And the rest is three seasons worth of history. In Season 1, Lucifer, played by the tall, dark, and handsome Tom Ellis, discovers that he enjoys punishing the guilty and winds up as a civilian consultant to the LAPD. He is partnered with Chloe Decker (Lauren German) who is a pariah in her department due to her investigation into police corruption on the force. Disturbingly, the immortal Lucifer discovers that not only is Chloe immune to his powers, but he becomes mortal when he’s around her. Along the way, Lucifer has to deal with his older brother, Amenadiel (D.B. Woodside)’s, efforts to return him to Hell and his right-hand demon, Mazikeen (Lesley-Ann Brandt)’s, not-always-welcome efforts to look out for him. Fortunately, he has a therapist (because everyone in L.A. has a therapist), Dr. Linda Martin (Rachael Harris), to confide in.

In Season 2, Lucifer discovers that his absence from Hell has allowed a high-value prisoner to escape–his dear old mum. Lucifer’s mother, the Goddess of Creation, has possessed the body of a high powered lawyer, Charlotte Richards (Tricia Helfner), and plots to return to Heaven and confront her estranged husband, God. Meanwhile, Amenadiel has his own problems as he has begun to lose his angelic powers. Mazikeen has embarked on a new career as a bounty hunter, Linda continues to administer therapy to dysfunctional supernatural beings, and Chloe and Lucifer alternately fan and step on the embers of their budding romance. Added to the cast, the plucky forensic technician, Ella Lopez (Aimee Garcia).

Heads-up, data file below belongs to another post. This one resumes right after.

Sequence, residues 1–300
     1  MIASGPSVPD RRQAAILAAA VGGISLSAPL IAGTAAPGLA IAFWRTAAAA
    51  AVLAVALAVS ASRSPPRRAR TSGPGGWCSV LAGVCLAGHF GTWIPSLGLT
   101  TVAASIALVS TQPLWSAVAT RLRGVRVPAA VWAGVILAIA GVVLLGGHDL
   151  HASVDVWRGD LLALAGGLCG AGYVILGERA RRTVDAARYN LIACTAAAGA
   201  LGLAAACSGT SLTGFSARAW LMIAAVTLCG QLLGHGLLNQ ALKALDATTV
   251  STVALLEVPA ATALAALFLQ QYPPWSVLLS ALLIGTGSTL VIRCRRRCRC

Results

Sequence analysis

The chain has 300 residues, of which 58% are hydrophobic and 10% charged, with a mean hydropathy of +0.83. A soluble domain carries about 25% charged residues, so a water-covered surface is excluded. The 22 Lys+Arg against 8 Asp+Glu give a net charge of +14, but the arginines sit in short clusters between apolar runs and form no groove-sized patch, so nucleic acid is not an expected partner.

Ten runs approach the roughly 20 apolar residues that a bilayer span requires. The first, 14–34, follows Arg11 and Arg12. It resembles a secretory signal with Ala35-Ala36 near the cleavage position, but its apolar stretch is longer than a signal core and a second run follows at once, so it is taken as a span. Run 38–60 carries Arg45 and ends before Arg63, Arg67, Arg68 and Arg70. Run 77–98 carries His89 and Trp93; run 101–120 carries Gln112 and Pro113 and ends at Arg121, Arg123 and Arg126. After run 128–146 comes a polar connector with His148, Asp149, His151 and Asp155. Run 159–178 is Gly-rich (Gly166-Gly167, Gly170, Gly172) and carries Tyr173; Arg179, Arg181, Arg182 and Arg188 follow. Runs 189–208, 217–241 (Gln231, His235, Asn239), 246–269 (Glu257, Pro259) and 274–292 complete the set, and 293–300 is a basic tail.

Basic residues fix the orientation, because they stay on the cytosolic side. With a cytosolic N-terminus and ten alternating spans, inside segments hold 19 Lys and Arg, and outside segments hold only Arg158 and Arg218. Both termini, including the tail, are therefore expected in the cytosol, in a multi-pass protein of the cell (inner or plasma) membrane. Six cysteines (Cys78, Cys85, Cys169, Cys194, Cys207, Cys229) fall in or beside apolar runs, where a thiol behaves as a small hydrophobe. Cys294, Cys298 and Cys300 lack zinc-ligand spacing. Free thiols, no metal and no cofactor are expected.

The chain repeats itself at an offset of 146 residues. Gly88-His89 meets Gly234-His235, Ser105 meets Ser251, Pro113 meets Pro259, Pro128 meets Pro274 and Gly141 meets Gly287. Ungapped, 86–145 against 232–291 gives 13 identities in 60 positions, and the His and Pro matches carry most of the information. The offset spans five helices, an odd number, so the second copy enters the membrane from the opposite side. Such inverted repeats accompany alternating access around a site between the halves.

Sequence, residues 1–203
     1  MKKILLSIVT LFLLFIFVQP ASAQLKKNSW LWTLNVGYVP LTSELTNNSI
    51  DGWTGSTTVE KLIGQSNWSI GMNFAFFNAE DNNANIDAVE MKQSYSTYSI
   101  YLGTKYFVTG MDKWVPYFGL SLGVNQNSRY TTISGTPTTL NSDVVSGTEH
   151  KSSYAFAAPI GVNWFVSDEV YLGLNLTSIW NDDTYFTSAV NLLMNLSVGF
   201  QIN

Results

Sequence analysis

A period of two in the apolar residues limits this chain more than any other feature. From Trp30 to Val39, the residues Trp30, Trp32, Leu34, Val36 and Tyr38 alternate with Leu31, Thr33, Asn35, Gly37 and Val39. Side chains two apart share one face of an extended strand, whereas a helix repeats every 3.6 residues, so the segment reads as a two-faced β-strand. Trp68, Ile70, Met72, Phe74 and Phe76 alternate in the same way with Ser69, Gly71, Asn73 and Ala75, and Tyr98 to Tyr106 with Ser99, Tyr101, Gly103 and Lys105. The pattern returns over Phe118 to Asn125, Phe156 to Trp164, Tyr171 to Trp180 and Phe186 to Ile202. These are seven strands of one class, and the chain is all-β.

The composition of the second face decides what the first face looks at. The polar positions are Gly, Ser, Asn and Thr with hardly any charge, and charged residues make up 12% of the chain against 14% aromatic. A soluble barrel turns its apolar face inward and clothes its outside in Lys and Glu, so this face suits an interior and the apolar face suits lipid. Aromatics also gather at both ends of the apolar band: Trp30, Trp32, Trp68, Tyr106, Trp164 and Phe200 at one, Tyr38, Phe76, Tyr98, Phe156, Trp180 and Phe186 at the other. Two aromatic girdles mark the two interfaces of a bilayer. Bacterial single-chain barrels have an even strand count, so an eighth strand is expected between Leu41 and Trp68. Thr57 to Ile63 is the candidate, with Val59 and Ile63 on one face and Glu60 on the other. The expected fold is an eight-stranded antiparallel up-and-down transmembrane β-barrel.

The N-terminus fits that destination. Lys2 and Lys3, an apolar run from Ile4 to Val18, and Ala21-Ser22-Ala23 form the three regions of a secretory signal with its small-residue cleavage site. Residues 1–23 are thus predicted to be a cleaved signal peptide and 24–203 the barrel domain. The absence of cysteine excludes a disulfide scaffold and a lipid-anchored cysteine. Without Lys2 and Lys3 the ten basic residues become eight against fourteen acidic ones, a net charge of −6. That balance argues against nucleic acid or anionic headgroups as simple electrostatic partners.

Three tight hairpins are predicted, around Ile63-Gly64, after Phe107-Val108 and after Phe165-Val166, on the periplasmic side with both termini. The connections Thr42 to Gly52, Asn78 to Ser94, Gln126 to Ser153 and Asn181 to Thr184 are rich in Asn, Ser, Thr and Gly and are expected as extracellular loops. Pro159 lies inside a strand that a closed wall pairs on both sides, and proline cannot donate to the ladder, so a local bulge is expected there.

In Season 3 (about halfway done at the time of this writing), Lucifer contends with the rise of a sinister “godfather”, the Sinnerman, cutting into his favor-granting biz and the arrive of a hotshot police officer, Lt. Pierce (Tom Welling), the new head of Chloe’s department.

Lucifer sports some of the most solid writing on TV. All the characters are well-rounded, the scripts are both funny and poignant, and the mysteries entertaining. It’s also a very musical show which is perhaps not surprising given the number of songs that reference Heaven, Hell, angels, sin, etc. Leading man Tom Ellis has an excellent voice.

As a non-human, Lucifer has a fish-out-of-water-eye’s view of human activities and his help on the case tends to be more accidental than deliberate. What that means in practice is that the female characters take on the more aggressive, protector roles usually accorded to men.

It’s also the kind of show that raises tantalizing questions about the Afterlife. We learn, for example, that people’s feelings of guilt about their past actions, not the Devil, are what consigns them to Hell. Given that most everyone has done something that they feel guilty about, does that mean that everyone goes to Hell? Conversely, is Heaven populated by sociopaths/psychopaths who have no feelings of guilt over their actions?

Verdict: Give in to your desires and watch Lucifer. You’ll be glad you did.

 

 

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If you’re a fan of both Weird Al Yankovic and the musical Hamilton, then you will enjoy this polka tribute from Weird Al: